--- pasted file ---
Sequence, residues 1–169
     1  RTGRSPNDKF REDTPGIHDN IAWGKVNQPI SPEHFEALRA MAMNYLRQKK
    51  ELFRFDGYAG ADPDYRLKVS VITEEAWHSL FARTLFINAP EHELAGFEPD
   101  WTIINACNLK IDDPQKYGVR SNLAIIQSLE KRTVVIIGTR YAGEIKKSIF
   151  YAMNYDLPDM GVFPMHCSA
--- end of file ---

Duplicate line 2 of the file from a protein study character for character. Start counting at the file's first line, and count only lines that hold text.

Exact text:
     1  RTGRSPNDKF REDTPGIHDN IAWGKVNQPI SPEHFEALRA MAMNYLRQKK